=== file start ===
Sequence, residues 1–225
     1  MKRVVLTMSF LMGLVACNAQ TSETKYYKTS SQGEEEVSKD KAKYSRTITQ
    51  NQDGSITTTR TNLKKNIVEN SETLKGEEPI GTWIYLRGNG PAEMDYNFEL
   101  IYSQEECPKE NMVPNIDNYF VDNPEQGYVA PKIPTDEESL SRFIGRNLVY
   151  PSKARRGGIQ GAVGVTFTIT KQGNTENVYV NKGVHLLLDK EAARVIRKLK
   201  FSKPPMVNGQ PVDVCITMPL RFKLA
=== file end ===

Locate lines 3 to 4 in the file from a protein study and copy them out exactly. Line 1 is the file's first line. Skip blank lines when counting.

    51  NQDGSITTTR TNLKKNIVEN SETLKGEEPI GTWIYLRGNG PAEMDYNFEL
   101  IYSQEECPKE NMVPNIDNYF VDNPEQGYVA PKIPTDEESL SRFIGRNLVY